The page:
Just like you wouldn’t blame your pet dog for not writing your thesis (well you might but that’s a post for another day), it sounds utterly ridiculous if you try and pass on responsibility which ultimately should be yours to own. The more you’re able to create these experiences in your PhD life the more likely those around you will take responsibility and accountability for their work, which again creates a feedback loop where they’re less likely to give you tasks to complete which lie outside your role and job description.
Thinking about consequences and responsibility in the context of setting boundaries is a small part. However, the key reason why we should set boundaries is not to teach others a lesson, but it’s to improve our own quality of life. Setting boundaries on jobs will improve your time management skills, but it will also make you happier. Spending less hours at work and spending more time on projects you actually want to do will improve your productivity and also reduce the chances of burnout. The same is true for your personal life, saying no to concerts, late events, certain foods, whatever else that doesn’t add value to your life is important as it frees up time for you to focus on what makes you happy and enjoy the things you want to enjoy. Furthermore, the more you say no you actually, counterintuitively, build trust. Admittedly, saying no to thing’s isn’t always easy and it can upset people.
This is healthy and to be expected. Looking back to responsibility and accountability, if people get annoyed or upset with you saying no it’s usually because they’re projecting their own insecurity – aka it has absolutely nothing to do with you and they have their own stuff to figure out. But if you say no to the things you don’t want to do, or the ideas you don’t align yourself with, it enables you to build trust with others – even those who may not like your no. Saying no and serving your own needs is honesty in its purest form, as we know it can be hard to say and can elicit social disproval. However, being able to say no in a safe place, without it affecting your sense of self-worth or belonging means that on the times you do say yes, or do offer, it will be experienced more fully.
Those around you will be more appreciative, and you’ll be living a more authentic life. You won’t be doing things for the sake of it. You’ll be doing them out of genuine honesty and kindness. This is the place we should all strive for. This leads into respect, feeling valued and seen in the workplace, and in your life. Saying no and setting boundaries creates an environment to feed and nurture your self-worth and personal development.
This ties in nicely with the next point which is often overlooked when we speak about setting boundaries, that being that everything cannot be experienced. Sometimes the tendency to say yes to everything is because we don’t want to miss out on opportunities, the fear of missing out (FOMO) takes over. However, the caveat with this is that the more things you say yes to, the less time you have to nurture a few or one of them. Typically, the best experiences during your PhD and life more generally is not the breadth of your experiences, but the depth of them. If you spend less time juggling ten different things (because you’ve practiced setting boundaries), you have more time to invest in one or two core projects or opportunities. If publishing is a key goal for you, it makes more sense to put most things down and just focus on writing and publishing.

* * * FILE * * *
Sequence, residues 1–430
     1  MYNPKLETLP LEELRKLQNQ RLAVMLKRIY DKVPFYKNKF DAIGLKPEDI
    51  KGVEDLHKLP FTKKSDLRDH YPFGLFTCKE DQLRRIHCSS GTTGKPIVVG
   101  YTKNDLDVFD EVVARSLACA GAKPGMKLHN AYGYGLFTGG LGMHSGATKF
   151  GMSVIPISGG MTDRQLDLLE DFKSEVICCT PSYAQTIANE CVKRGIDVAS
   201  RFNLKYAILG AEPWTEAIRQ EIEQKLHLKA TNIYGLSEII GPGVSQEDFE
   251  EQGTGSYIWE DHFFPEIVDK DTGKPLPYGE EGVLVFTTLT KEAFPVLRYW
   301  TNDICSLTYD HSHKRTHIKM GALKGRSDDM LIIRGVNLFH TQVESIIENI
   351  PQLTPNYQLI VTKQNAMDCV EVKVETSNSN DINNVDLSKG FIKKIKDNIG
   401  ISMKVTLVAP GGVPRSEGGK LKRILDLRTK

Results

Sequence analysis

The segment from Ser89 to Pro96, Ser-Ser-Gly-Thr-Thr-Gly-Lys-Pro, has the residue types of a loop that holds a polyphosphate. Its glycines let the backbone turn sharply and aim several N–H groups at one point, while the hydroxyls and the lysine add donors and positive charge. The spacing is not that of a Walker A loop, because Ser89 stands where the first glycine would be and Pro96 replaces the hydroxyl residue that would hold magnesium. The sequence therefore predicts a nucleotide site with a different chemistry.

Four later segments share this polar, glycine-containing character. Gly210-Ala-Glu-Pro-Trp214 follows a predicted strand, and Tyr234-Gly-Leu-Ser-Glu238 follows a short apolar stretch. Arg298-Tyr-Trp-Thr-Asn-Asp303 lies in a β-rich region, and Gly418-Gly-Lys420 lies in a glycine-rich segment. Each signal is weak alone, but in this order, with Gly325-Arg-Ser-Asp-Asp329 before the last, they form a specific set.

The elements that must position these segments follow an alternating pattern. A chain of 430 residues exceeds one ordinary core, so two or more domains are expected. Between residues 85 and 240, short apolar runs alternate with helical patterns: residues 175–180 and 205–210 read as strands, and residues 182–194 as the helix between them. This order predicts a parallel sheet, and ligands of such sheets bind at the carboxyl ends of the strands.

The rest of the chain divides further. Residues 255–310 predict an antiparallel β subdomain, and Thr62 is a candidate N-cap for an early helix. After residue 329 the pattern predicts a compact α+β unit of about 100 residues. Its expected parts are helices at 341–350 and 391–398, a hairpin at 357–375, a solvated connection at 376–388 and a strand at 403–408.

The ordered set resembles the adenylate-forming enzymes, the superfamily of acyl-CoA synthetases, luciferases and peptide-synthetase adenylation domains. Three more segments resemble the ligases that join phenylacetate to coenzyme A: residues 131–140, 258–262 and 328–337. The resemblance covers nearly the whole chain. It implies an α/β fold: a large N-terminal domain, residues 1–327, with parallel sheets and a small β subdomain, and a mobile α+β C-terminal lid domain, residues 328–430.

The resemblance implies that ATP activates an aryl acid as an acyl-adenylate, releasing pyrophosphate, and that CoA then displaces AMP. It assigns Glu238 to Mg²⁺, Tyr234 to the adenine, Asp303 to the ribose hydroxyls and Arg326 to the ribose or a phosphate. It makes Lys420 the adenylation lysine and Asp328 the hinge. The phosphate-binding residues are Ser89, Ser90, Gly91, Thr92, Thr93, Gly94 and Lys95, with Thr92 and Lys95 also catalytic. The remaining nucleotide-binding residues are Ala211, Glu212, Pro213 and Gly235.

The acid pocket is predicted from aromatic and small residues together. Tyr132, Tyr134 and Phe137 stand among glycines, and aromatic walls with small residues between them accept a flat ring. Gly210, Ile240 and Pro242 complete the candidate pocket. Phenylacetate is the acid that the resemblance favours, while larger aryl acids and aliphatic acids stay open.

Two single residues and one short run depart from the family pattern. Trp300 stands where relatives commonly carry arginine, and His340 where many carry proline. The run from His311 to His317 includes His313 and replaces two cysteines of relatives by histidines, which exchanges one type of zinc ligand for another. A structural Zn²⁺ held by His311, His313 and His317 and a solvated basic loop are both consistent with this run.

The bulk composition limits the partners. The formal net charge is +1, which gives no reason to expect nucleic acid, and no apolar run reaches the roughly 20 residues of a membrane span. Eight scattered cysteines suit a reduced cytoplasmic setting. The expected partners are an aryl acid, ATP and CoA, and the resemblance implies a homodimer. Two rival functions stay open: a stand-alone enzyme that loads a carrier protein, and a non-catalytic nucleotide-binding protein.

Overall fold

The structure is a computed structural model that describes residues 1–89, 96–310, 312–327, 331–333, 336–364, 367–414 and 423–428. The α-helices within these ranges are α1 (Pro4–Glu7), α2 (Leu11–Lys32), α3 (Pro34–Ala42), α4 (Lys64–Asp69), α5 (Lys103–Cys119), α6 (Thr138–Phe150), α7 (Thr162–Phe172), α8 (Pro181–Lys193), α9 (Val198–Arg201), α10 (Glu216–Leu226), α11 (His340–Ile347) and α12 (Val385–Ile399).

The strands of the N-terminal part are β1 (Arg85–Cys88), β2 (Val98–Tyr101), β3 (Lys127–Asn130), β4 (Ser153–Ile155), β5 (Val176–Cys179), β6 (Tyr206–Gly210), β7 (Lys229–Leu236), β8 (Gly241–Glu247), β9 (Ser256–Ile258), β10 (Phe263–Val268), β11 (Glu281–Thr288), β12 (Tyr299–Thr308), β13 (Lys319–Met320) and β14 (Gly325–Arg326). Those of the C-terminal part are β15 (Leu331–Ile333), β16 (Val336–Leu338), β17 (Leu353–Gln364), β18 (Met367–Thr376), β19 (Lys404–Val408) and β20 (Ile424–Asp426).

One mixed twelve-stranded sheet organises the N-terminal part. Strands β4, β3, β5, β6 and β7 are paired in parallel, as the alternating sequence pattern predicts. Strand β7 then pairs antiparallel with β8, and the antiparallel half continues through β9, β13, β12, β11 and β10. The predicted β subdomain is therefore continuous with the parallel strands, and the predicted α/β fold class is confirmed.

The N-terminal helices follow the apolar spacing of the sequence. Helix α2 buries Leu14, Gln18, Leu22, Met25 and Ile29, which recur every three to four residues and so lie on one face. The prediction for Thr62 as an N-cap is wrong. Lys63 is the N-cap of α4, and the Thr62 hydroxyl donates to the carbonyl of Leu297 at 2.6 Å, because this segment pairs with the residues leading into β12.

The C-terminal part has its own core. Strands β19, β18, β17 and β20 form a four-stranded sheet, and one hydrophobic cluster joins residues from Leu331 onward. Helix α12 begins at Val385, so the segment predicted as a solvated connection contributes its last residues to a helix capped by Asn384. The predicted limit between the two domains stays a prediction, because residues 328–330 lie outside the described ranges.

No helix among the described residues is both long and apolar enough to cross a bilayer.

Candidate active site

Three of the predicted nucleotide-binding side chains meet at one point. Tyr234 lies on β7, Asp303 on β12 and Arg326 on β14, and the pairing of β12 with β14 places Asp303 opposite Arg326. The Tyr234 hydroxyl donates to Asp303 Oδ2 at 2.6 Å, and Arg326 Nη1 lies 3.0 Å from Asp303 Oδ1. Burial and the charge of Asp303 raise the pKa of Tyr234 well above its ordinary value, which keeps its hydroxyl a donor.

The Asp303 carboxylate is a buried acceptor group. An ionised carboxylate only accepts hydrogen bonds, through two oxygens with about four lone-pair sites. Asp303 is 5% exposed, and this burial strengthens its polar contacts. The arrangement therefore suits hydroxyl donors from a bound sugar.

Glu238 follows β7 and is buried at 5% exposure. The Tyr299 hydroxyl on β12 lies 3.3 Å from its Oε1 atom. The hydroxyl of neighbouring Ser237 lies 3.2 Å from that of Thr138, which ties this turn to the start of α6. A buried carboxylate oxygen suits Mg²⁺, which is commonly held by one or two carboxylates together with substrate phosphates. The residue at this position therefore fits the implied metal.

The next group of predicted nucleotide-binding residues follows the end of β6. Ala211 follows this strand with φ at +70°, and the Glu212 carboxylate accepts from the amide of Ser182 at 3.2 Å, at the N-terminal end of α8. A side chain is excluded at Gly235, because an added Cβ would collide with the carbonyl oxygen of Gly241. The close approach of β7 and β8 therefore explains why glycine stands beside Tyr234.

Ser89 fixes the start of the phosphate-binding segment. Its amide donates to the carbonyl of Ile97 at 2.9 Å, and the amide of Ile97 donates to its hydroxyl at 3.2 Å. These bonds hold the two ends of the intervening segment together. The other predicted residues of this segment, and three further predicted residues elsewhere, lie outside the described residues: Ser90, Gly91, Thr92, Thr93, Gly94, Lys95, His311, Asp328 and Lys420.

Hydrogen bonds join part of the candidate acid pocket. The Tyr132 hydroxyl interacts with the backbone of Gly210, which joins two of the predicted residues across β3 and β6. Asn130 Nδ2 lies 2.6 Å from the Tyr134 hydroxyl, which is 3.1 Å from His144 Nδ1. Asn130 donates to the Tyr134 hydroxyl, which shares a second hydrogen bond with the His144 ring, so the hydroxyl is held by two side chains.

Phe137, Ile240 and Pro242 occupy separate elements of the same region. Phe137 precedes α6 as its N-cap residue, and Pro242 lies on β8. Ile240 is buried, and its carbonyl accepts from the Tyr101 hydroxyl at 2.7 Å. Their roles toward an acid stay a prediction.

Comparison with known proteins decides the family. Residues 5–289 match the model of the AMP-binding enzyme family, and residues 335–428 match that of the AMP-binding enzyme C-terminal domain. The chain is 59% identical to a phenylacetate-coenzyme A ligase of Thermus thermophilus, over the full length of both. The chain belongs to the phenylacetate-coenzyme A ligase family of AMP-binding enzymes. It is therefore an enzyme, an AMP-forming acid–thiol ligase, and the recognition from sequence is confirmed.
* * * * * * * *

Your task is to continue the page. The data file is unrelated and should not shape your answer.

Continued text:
You’re more likely to reach your goal and have the sense of fulfilment you seek if you focus on one thing at a time. Your ability to complete your goals is significantly easier if you have less background noise and distractions. This is also a key strategy to adopt when trying to maximise the most out of your PhD. A nice and easy parallel to conceptualise this is the idea of travelling. You can try to experience every single country on the planet, but in order to do so you have to give up living in one place for an extended period of time. In doing so, you’ll never be able to fully experience and appreciates the intricacies of one city. Think about it, visiting London or New York is cool and a great tourist attraction, but you can’t fully appreciate what London or New York have to offer unless you live there for a while. Those unique, quirky, small, niche cafés or restaurants that are full of personality won’t be discovered if you’re only passing through. You have to practice setting boundaries and saying no to the other countries, to additional travelling (akin to additional PhD projects) in order to fully experience and appreciate one city (similar to that of your actual PhD or a publication). Put simply, less is more. Focus on quality of your work and your experiences over the quantity of them.
Setting boundaries and saying no is extremely important to enjoying and appreciating your life and particularly your PhD. It’s not easy, but this post hopefully provides you with a stronger justification to say no to all those extra tasks that fail to serve you.